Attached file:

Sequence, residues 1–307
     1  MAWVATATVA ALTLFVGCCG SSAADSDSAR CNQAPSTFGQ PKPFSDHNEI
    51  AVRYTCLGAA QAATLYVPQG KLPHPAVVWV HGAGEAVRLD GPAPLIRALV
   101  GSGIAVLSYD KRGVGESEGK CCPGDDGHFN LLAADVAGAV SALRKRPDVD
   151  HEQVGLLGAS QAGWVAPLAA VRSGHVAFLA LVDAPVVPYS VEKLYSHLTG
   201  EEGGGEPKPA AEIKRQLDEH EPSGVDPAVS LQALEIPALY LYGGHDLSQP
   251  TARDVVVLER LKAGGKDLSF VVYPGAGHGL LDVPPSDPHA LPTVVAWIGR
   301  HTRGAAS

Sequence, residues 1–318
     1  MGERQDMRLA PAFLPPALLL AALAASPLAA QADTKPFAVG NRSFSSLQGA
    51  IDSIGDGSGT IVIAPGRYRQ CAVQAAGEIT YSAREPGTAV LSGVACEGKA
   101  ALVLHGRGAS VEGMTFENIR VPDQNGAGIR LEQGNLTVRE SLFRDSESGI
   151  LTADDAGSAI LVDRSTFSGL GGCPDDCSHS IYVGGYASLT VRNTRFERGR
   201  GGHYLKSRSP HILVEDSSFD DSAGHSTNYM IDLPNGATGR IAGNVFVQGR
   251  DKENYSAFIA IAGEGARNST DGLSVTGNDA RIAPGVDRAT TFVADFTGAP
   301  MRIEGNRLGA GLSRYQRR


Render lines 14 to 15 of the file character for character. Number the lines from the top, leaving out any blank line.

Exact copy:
   201  GGHYLKSRSP HILVEDSSFD DSAGHSTNYM IDLPNGATGR IAGNVFVQGR
   251  DKENYSAFIA IAGEGARNST DGLSVTGNDA RIAPGVDRAT TFVADFTGAP